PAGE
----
Mexico's quake-proof building codes not always respected
MEXICO CITY, Mexico – Sergio Lopez spends his days inspecting buildings at risk of collapse in Mexico City following Tuesday, September 19, quake. And he still can't believe that a school where 19 children and 6 adults died collapsed like a house of cards.
"It just should have stood up. It shouldn't have come down," he says angrily.
Lopez is a structural engineer and he knows the ins and outs of earthquake-resistant construction code improvements as well as anyone.
Those improvements were developed after a 1985 earthquake that killed more than 10,000 people in the capital.
"Back in 1985, the code book was about 80 pages long. Now, it's a massive brick – like 600-pages long," said Lopez, 55, on his way to an inspection.
Tuesday's earthquake, which struck on the 32nd anniversary of the devastating 1985 quake, toppled 39 buildings in Mexico City. (READ: Mexico extends search for quake survivors)
Some 600 buildings damaged but left standing have to be checked to verify the state of their structure, according to Mayor Miguel Angel Mancera.
Among the changes authorities put in place after the 32-year-old disaster, which left several areas of this metropolis of 20 million in ruins, is the use of steel-reinforced concrete, as well as weight-bearing regulations.
Also, buildings have to feature mandatory escape routes.
"Before, building meant putting up walls and on those walls they put slabs (roofs). Now they have to distribute the loads," says Jonathan Uraga, a 30-year-old engineer who also checks buildings for possible damage.
Lopez points out that thanks to these new rules, this week's tragedy was not on the scale of the 1985 disaster. (READ: All you need to know about preparing for earthquakes)
He says that the buildings that fell "either were built before 1985, or, honestly, were poorly built, like the school."
In Tuesday's quake, the neighborhoods hit hardest were the central Roma and Condesa zones, home to many charming buildings from the early part of the 20th century.
Despite the tragic toll of nearly 300 dead from the earthquake, Christian Ledezma, a structural engineering professor at the Catholic University of Chile, believes damage to buildings was fairly limited.
"From a distance, when you look at the percentage of the number of buildings that collapsed in the total amount of buildings in Mexico City, it's not a very large percentage," Ledezma told Agence France-Presse.
Just as Mexico did, Chile tightened its regulations to make buildings more seismically resistant after 1985. (READ: All the videos you need to prepare for earthquakes)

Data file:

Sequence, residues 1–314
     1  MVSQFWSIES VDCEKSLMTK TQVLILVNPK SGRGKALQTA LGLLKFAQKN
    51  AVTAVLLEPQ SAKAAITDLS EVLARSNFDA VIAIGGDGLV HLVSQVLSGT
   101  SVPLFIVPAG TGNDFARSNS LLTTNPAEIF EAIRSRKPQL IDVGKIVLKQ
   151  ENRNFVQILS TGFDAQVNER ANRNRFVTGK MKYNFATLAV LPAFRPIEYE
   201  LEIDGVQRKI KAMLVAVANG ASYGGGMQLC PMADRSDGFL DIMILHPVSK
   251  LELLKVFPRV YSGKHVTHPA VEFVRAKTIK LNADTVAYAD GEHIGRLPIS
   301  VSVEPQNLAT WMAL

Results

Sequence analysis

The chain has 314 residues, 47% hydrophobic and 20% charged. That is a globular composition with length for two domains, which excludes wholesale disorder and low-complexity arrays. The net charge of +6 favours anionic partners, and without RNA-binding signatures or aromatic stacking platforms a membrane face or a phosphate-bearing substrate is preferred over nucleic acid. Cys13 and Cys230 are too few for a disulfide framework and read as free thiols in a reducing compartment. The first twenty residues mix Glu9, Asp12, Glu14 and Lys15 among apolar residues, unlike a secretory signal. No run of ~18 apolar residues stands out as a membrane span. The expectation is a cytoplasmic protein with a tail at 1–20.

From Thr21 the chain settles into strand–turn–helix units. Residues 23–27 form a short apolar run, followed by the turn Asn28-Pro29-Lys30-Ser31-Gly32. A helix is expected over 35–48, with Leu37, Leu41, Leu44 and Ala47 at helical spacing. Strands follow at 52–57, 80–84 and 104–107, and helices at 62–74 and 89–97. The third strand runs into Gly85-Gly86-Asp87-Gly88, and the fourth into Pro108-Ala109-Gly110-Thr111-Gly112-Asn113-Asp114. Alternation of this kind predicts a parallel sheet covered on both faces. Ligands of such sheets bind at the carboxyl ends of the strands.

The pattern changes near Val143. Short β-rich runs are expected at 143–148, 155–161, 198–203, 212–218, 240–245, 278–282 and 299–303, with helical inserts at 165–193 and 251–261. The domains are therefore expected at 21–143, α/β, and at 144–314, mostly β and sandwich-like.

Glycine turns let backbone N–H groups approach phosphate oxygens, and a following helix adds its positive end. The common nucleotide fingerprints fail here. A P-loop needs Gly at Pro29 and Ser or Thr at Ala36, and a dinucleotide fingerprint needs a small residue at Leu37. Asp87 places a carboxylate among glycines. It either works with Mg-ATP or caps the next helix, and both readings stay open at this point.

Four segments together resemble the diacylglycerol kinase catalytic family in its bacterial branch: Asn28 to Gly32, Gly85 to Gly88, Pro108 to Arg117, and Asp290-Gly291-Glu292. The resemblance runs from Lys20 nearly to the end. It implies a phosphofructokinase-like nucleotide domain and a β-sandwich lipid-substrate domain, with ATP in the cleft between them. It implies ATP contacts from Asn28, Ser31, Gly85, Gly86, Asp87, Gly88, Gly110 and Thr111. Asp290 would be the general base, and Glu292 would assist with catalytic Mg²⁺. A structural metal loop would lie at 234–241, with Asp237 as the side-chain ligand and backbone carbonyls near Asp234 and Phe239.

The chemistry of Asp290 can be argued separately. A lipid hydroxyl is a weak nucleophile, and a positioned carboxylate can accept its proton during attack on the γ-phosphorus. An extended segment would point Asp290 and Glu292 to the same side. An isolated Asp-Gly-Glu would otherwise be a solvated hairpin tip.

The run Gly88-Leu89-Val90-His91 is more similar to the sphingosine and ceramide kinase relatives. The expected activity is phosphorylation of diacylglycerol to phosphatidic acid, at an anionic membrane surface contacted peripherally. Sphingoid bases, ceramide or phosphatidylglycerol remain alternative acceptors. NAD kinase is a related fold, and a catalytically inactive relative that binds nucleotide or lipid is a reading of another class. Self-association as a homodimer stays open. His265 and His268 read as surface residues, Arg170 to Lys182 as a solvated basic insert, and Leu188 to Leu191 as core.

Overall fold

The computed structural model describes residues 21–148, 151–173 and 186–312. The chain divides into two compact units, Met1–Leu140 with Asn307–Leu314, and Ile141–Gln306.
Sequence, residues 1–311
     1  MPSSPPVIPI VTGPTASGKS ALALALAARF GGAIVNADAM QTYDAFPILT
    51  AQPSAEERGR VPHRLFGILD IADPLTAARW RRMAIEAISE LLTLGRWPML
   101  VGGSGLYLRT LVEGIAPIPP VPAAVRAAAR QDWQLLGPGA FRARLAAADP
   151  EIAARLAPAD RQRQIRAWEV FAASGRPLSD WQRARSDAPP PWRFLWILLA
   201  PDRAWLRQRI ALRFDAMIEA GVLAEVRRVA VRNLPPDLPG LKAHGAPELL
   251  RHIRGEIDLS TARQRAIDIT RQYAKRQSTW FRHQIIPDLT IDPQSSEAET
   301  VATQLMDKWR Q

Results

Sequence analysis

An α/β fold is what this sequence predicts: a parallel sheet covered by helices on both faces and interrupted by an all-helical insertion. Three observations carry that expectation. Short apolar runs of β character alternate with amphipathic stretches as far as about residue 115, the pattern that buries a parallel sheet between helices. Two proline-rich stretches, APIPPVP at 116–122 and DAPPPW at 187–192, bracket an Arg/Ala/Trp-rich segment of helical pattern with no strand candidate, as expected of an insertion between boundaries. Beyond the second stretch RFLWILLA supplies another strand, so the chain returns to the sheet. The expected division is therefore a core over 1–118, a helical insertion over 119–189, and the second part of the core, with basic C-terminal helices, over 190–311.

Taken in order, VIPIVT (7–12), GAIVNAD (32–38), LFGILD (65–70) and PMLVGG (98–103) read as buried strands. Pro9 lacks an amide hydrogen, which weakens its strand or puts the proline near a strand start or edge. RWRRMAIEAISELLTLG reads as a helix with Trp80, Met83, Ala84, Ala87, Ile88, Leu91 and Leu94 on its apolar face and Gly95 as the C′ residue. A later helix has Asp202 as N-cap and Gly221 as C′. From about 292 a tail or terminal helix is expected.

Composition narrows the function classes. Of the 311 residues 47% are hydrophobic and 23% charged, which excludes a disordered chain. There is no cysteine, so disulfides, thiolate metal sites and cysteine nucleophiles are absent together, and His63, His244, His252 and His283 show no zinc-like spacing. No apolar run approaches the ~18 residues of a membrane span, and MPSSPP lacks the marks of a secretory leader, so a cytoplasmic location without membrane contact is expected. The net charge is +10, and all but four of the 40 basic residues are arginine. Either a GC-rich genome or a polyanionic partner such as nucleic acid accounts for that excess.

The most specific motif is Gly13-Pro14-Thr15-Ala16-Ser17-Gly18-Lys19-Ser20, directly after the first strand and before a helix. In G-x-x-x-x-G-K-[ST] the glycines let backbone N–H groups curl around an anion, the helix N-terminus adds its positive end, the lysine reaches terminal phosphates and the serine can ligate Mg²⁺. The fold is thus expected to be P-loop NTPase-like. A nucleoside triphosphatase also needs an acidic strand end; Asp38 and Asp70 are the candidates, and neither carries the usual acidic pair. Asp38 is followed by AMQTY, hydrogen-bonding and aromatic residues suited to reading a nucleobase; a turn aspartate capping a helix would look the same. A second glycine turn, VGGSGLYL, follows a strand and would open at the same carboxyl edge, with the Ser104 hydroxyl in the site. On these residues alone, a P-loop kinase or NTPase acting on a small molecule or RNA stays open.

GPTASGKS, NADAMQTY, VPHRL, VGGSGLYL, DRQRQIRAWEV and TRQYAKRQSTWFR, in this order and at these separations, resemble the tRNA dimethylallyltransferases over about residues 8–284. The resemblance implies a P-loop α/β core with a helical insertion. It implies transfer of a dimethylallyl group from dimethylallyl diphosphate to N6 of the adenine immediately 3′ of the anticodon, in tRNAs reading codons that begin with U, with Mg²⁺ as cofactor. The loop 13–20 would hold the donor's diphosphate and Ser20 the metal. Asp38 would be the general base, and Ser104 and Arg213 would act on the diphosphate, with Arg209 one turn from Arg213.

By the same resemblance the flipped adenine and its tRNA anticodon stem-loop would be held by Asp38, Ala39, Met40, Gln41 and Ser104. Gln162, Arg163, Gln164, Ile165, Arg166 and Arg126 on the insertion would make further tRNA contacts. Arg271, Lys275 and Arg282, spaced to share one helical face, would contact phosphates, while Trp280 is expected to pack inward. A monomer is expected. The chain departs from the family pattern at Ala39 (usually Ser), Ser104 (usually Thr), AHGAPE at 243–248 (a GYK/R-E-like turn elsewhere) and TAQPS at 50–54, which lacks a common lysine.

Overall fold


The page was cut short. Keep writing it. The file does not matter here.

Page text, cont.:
Since then, it has been jolted by a string of major earthquakes including an 8.8 magnitude in 2010 which was followed by a tsunami that killed more than 500 people. After each disaster, Chile updated the code further to include lessons learned, most recently in 2011.
"Chile's code is very recent, and in Mexico it was modified after the earthquake of 1985. Standards were raised, updated to what took place in that earthquake," said Paulina Gonzalez a seismic engineer who teaches at the University of Santiago.
"It happens to us quite a bit in countries prone to earthquakes: standards and codes come as responses to different earthquakes that hit.
"In Chile's case, that's been the case. Every code update came because there was an earthquake that taught us something new," said Ledezma.
Arturo Ramirez, a civil engineer at Mexico City's UNAM (National Autonomous University of Mexico), said that in Mexico the current rules "are very strict precisely because the experiences of recent earthquakes have taught us that there are things to take into account."
"This year, the new regulations of the Federal District were going to come out. But as a result of these events, they are finding new unknowns. And the new code is not going to come out this year, rather in 2018, and it will be one of the world's toughest."
Mexican experts say that part of the problem is that sometimes people living in buildings engage in major renovations that violate city codes on load distribution, among others.
That was in evidence in an apartment building checked by Sergio Lopez a day after the quake.
Because owners want to expand their home, they often do so without regard for what must be load-bearing walls. They take risks they may or may not be aware of.
"They make the changes because they want a more spacious home. But they forget that they are altering the structure" unsafely, risking their lives and those of their neighbors, Lopez says.– Rappler.com